Operations and Algebraic Thinking 1.OA
Represent and solve problems involving addition and subtraction.
1. Use addition and subtraction within 20 to solve word problems involving situations of
adding to, taking from, putting together, taking apart, and comparing, with unknowns in all positions,
e.g., by using objects, drawings, and equations with a symbol
for the unknown number to represent the problem.
2. Solve word problems that call for addition of three whole numbers whose sum is less than
or equal to 20, e.g., by using objects, drawings, and equations with a symbol for
the unknown number to represent the problem.
Understand and apply properties of operations and the relationship between
addition and subtraction.
3. Apply properties of operations as strategies to add and subtract. Examples: If 8 + 3 = 11 is known,
then 3 + 8 = 11 is also known. (Commutative property of addition.) To add 2 + 6 + 4, the second two
numbers can be added to make a ten, so 2 + 6 + 4 = 2 + 10 = 12. (Associative property of addition.)
4. Understand subtraction as an unknown-addend problem. For example, subtract 10 – 8
by finding the number that makes 10 when added to 8.
Add and subtract within 20.
5. Relate counting to addition and subtraction (e.g., by counting on 2 to add 2).
6. Add and subtract within 20, demonstrating fluency for addition and subtraction within 10.
Use strategies such as counting on;
making ten (e.g., 8 + 6 = 8 + 2 + 4 = 10 + 4 = 14); decomposing a number leading to a ten
(e.g., 13 – 4 = 13 – 3 – 1 = 10 – 1 = 9); using the relationship between addition and subtraction
(e.g., knowing that 8 + 4 = 12, one knows 12 – 8= 4); and creating equivalent but easier or known
sums (e.g., adding 6 +7 by creating the known equivalent 6 + 6 + 1 = 12 + 1 = 13).
Work with addition and subtraction equations.
7. Understand the meaning of the equal sign, and determine if equations involving addition and
subtraction are true or false. For example, which of the following equations are true and which are
false? 6 = 6, 7 = 8 – 1, 5 + 2 = 2 + 5, 4 + 1 = 5 + 2.
8. Determine the unknown whole number in an addition or subtraction equation relating to
three whole numbers. For example, determine the unknown number that makes
the equation true in each of the equations 8 +? = 11, 5 = – 3, 6 + 6 = .
Number and Operations in Base Ten 1.NBT
Extend the counting sequence.
1. Count to 120, starting at any number less than 120. In this range, read and write numerals and
represent a number of objects with a written numeral.
Understand place value.
2. Understand that the two digits of a two-digit number represent amounts of tens and ones.
Understand the following as special cases:
a. 10 can be thought of as a bundle of ten ones — called a “ten.”
b. The numbers from 11 to 19 are composed of a ten and one, two, three, four, five, six, seven,
eight, or nine ones.
c. The numbers 10, 20, 30, 40, 50, 60, 70, 80, 90 refer to one, two, three, four, five, six, seven,
eight, or nine tens (and 0 ones).
3. Compare two two-digit numbers based on meanings of the tens and ones digits, recording the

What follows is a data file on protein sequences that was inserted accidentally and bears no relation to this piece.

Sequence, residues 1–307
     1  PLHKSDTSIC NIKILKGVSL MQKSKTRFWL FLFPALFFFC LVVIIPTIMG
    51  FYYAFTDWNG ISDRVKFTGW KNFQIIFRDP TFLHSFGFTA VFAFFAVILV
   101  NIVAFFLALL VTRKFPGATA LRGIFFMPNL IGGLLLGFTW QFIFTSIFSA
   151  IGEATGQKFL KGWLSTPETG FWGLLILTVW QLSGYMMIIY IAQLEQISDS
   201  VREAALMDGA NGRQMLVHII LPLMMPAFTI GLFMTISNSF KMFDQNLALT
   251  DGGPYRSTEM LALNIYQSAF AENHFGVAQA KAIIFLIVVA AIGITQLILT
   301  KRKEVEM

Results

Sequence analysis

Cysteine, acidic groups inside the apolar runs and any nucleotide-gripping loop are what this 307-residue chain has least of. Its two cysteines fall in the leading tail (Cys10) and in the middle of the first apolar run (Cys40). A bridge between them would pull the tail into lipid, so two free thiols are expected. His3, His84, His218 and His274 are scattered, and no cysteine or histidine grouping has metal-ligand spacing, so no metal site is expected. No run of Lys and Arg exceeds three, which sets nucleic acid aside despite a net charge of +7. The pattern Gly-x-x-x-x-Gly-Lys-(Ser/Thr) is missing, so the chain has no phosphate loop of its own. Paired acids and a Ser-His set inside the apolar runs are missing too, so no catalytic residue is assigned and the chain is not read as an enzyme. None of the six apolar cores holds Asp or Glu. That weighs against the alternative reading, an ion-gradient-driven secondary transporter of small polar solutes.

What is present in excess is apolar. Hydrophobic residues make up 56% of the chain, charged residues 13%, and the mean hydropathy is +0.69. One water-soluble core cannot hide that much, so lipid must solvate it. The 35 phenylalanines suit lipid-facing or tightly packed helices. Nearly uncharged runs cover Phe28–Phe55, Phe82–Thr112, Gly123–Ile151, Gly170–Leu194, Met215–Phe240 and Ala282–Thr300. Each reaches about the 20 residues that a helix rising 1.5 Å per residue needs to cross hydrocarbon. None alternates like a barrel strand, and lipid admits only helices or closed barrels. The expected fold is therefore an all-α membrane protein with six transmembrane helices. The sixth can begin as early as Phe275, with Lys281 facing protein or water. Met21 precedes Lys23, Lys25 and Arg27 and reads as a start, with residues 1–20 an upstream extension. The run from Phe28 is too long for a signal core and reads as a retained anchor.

results of comparisons with the symbols >, =, and <.
Use place value understanding and properties of operations to add and subtract.
4. Add within 100, including adding a two-digit number and a one-digit number, and adding a two-digit
number and a multiple of 10, using concrete models or drawings and strategies based on place
value, properties of operations, and/or the relationship between addition and subtraction; relate
the strategy to a written method and explain the reasoning used. Understand that in adding
two-digit numbers, one adds tens and tens, ones and ones;
and sometimes it is necessary to compose a ten
5. Given a two-digit number, mentally find 10 more or 10 less than the number, without
having to count; explain the reasoning used
6. Subtract multiples of 10 in the range 10-90 from multiples of 10 in the range 10-90 (positive or
zero differences), using concrete models or drawings and strategies based on place value,
properties of operations, and/or the relationship between addition and subtraction; relate the
strategy to a written method and explain the reasoning used.
Measurement and Data 1.MD
Measure lengths indirectly and by iterating length units.
1. Order three objects by length; compare the lengths of two objects indirectly
by using a third object.
2. Express the length of an object as a whole number of length units, by laying multiple copies
of a shorter object (the length unit) end to end; understand that the length measurement
of an object is the number of same-size length units that span it with no gaps or overlaps.
Limit to contexts where the object being measured is spanned by a whole number of length
units with no gaps or overlaps.
Tell and write time.
3. Tell and write time in hours and half-hours using analog and digital clocks.
Represent and interpret data.
4. Organize, represent, and interpret data with up to three categories; ask and answer
questions about the total number of data points, how many in each category, and how many more or less are in one category than in another.
Reason with shapes and their attributes.
1. Distinguish between defining attributes (e.g., triangles are closed and three-sided) versus
non-defining attributes (e.g., color, orientation, overall size); build and draw shapes
to possess defining attributes.
2. Compose two-dimensional shapes (rectangles, squares, trapezoids, triangles, half-circles, and
quarter-circles) or three-dimensional shapes (cubes, right rectangular prisms, right circular cones,
and right circular cylinders) to create a composite shape, and compose
new shapes from the composite shape.
3. Partition circles and rectangles into two and four equal shares, describe the shares using the
words halves, fourths, and quarters, and use the phrases half of, fourth of, and quarter of.
Describe the whole as two of, or four.